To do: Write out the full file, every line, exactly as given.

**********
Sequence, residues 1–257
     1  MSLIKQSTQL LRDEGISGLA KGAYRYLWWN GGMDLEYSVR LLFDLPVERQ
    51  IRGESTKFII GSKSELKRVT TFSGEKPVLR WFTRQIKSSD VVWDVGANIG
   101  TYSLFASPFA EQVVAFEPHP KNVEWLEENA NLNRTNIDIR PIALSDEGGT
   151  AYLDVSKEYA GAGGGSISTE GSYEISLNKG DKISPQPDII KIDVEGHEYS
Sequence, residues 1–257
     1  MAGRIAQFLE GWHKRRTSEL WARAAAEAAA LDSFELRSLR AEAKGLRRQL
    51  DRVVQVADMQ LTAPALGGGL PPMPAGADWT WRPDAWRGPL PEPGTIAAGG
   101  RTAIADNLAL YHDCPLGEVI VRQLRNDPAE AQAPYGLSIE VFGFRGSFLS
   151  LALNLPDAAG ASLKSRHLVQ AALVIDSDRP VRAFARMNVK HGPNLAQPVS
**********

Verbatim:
Sequence, residues 1–257
     1  MSLIKQSTQL LRDEGISGLA KGAYRYLWWN GGMDLEYSVR LLFDLPVERQ
    51  IRGESTKFII GSKSELKRVT TFSGEKPVLR WFTRQIKSSD VVWDVGANIG
   101  TYSLFASPFA EQVVAFEPHP KNVEWLEENA NLNRTNIDIR PIALSDEGGT
   151  AYLDVSKEYA GAGGGSISTE GSYEISLNKG DKISPQPDII KIDVEGHEYS
Sequence, residues 1–257
     1  MAGRIAQFLE GWHKRRTSEL WARAAAEAAA LDSFELRSLR AEAKGLRRQL
    51  DRVVQVADMQ LTAPALGGGL PPMPAGADWT WRPDAWRGPL PEPGTIAAGG
   101  RTAIADNLAL YHDCPLGEVI VRQLRNDPAE AQAPYGLSIE VFGFRGSFLS
   151  LALNLPDAAG ASLKSRHLVQ AALVIDSDRP VRAFARMNVK HGPNLAQPVS